Sportscar manufacturer Lotus has revealed the design of a motorcycle design, which was set to revolutionise chassis.
The theory of a monocoque is to dispense of the usual frame and replace it with bodywork which takes most of the stress. The idea was pioneered before World War Two and has appeared on virtually every car made since the 1970's.
The bodywork for the Williams-designed motorcycle is made from two parts of carbon fibre, which clamp together around the engine. Once they are bolted together they form a stiff shell, providing all the rigidity the motorcycle needs.
Other monocoque motorcycles were the Honda NR500 GP motorcycle from 1979. The NR500 only managed a best finish of 13th, but this was due to its four-stroke engine.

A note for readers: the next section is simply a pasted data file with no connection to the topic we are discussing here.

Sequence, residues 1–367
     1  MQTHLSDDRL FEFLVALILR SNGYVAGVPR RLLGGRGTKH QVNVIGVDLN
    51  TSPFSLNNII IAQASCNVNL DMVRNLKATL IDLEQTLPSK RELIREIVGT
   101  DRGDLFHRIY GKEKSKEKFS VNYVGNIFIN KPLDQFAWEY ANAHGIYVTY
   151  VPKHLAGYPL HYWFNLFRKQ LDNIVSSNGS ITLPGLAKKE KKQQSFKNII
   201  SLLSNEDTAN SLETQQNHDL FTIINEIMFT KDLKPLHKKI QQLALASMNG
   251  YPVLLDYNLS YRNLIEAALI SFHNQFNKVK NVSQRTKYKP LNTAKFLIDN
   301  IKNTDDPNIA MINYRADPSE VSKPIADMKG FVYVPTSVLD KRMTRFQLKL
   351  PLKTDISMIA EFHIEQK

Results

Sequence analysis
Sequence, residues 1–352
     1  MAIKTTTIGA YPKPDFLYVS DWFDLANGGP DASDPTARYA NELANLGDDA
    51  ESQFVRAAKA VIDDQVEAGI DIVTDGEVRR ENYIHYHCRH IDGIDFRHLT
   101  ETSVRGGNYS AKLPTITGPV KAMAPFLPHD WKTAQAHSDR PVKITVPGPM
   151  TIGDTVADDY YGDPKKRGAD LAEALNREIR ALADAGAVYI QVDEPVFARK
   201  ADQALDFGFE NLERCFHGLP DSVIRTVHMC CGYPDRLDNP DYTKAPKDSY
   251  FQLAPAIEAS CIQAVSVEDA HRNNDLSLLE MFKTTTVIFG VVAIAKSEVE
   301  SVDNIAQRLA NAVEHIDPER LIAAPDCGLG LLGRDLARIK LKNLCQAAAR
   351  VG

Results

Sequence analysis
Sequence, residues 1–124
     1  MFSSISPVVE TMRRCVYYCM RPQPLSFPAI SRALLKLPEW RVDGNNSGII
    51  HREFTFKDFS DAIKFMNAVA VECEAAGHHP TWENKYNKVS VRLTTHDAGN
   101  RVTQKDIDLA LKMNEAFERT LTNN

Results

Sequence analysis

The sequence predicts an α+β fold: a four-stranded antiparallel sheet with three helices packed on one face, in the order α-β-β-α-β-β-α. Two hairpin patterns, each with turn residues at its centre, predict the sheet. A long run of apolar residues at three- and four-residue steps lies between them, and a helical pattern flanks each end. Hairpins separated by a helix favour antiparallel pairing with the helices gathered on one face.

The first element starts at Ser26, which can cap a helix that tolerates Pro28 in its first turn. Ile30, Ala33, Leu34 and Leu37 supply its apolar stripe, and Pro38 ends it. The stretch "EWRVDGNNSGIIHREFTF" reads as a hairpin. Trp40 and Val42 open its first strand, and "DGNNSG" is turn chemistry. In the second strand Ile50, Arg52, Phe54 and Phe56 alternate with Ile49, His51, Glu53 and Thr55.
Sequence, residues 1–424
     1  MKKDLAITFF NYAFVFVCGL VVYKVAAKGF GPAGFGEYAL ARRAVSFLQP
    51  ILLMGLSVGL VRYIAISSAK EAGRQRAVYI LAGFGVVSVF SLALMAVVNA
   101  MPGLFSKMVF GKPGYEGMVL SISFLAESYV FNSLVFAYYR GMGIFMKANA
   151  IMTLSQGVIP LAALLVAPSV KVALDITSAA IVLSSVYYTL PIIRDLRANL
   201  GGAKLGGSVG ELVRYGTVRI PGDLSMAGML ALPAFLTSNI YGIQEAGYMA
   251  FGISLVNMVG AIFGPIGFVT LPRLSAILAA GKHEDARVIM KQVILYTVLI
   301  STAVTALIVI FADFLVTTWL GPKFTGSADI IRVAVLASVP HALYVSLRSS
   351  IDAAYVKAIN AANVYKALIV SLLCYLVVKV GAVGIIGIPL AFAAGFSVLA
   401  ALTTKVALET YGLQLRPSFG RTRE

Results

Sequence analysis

Kawasaki followed suit in 1980 with their KR500 and briefly raced a monocoque motorcycle in GP.
Kawasaki's ZZR1400 and 1400GTR are the closest to a monocoque production chassis. They both feature semi-monocoque designs with the airbox incorporated into the chassis. The bodywork isn't structural.
Vote here to tell us whether you prefer a monocoque motorcycle or the more conventional frame.